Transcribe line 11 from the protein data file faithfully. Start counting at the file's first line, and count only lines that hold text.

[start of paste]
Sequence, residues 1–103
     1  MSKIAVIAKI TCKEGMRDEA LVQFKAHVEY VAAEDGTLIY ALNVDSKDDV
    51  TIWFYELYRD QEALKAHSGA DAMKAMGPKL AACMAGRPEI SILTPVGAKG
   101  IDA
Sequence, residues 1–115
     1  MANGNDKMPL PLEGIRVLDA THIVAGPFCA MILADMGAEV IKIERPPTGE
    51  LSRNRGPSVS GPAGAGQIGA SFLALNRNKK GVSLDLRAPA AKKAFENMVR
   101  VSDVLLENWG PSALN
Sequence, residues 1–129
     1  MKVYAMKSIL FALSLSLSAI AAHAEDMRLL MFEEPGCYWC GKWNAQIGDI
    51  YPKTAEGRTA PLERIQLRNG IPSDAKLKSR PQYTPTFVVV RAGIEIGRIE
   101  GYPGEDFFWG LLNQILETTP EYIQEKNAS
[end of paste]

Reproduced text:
    51  YPKTAEGRTA PLERIQLRNG IPSDAKLKSR PQYTPTFVVV RAGIEIGRIE